Have you seen the overdyed rugs currently flooding the home decor market? It’s hard to resist the bright, saturated colors and unique character of these rugs! Several years ago, I was given a 50 year-old wool rug with a traditional oriental design, but the old-school navy blue & maroon color scheme just wasn’t doing anything for me.
I needed something fresh and new, but I wasn’t ready to buy a new rug — And that’s how I decided to try a DIY approach to overdying my rug.
***A note of caution: the dyes and chemicals below can be harmful and you should only perform the following steps in a well-ventilated area while wearing a respirator.
Supplies you’ll need:
1. A 100% wool rug.
2. Long rubber gloves and a respirator.
3. For Rugs 6ft x 9ft or smaller, buy the largest plastic storage bin you can find. If your rug is larger, you’ll probably need something much bigger. For my 9ft x 12ft rug, I used a collapsible pool from Home Depot.
4. A bucket heater (to keep the dying solution warm). Jon-Don Chemical supply is a great source.
5. Thiox and Soda Ash from Pro Chemical. This if for bleaching your rug. How much you need to use depends on the amount of wool in your rug. As a rule of thumb, you will need 10grams of thiox and 10grams of soda ash in 10L of water for each pound of wool. However, if you rug is dark (like mine) you may need up to twice as much to remove enough of the original color. More detailed instructions on these products can be found here.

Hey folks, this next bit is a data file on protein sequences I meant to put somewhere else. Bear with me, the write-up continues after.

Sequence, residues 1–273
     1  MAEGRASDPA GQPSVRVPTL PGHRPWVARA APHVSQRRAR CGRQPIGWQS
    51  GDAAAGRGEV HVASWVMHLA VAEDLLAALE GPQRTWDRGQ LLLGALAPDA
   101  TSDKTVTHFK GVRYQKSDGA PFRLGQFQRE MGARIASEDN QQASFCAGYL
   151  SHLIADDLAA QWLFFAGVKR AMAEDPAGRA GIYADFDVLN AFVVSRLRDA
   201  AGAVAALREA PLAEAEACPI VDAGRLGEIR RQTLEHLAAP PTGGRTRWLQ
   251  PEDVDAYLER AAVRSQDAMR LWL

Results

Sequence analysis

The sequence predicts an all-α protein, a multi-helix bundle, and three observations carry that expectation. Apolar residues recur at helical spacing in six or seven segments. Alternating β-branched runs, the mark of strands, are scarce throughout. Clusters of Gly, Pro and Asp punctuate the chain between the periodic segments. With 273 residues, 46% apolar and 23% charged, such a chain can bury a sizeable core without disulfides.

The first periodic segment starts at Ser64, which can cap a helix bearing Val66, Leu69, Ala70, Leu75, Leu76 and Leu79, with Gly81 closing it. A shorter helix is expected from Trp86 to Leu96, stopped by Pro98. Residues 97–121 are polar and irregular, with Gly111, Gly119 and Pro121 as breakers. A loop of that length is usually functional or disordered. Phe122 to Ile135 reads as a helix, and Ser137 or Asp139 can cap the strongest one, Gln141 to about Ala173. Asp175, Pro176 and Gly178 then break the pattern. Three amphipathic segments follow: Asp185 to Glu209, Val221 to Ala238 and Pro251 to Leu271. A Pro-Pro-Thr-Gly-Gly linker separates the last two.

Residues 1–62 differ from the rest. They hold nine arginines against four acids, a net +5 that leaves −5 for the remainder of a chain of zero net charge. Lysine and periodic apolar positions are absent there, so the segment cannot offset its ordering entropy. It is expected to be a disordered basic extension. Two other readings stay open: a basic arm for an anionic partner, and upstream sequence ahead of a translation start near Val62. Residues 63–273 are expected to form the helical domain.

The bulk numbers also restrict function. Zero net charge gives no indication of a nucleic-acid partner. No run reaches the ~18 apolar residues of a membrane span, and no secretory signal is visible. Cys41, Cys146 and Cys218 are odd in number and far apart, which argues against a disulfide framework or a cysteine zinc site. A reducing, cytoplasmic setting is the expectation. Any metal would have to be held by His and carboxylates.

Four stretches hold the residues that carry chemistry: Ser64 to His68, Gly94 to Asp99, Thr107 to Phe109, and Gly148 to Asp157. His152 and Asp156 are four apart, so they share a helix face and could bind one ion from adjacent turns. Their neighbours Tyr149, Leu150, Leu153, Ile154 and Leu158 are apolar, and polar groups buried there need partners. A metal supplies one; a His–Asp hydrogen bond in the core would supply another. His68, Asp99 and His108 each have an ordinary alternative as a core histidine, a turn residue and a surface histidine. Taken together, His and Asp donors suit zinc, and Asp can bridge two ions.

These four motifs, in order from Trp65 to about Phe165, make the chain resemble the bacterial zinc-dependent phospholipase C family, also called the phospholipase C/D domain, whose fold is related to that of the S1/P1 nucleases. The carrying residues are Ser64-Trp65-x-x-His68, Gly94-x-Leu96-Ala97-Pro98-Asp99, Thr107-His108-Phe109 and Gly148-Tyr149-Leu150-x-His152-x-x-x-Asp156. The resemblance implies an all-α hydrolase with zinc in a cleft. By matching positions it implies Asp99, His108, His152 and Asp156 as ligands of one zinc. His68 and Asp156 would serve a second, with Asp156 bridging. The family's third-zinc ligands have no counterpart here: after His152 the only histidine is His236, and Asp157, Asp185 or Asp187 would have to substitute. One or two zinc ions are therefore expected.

6. Acid Dye and Citric Acid from Dharma Trading Company. Again, the amount you need depends on how much wool you are dying. I used 3tsp of “Brilliant Yellow” dye and 1tsp of citric acid per pound of wool and got a good result.
7. Synthrapol (a detergent) from Dharma Trading Company. Follow the directions on the bottle for how much to use based on the volume of solution.
Here’s what to do:
1. Fill container with water, soak and rinse your rug. Then drain water.
2. Fill container with clean water and synthrapol detergent. Move the rug around to wash it.
3. Rinse the rug again. Put it aside.
4. Fill container with water again, and using the bucket heater, warm water to 130-140 degrees, or as hot as you can get it.
5. Add Thiox, Soda Ash, and rug to the container. Agitate thoroughly for up to 30 minutes. You’ll see the dye begin to come out of the rug and into the water.
6.Let the solution work for about 30 minutes, then add more Thiox and Soda Ash as needed. Soak for another 30 minutes or longer until much of the color from the rug is gone. The rug will never bleach completely, but that’s OK. The underlying design will remain an interesting part of your rug.
6. Rinse the rug in water. This is how mine looked at this stage:
7. Repeat the above steps, but use your Acid Dye and Citric Acid instead of Thiox and Soda Ash. It is a good idea to first mix the dye in a separate container with a gallon of boiling water before adding to your rug. The dying solution should be kept as warm as possible with the bucket heater — but make sure not to leave the bucket heater unattended at any time. You can let the rug sit in the dye solution overnight for the most brilliant color. You can also add salt, which some say helps to exhaust the dye solution.
8. Drain the rug, then wash with Synthrapol.
9. Rinse the rug thoroughly to remove all excess dye. You may need to wash with Synthrapol a second time.
10. Hang the rug to dry.
11. Enjoy your new rug!!
After two days of hard work and about $175 in supplies, your rug will have a new look that you’ll enjoy for years to come!
Let us know how your DIY overdye rug turns out in the comments section below.
image 1: lahidesign.com
image 2: pinterest.com
all other images by Design Lines Ltd.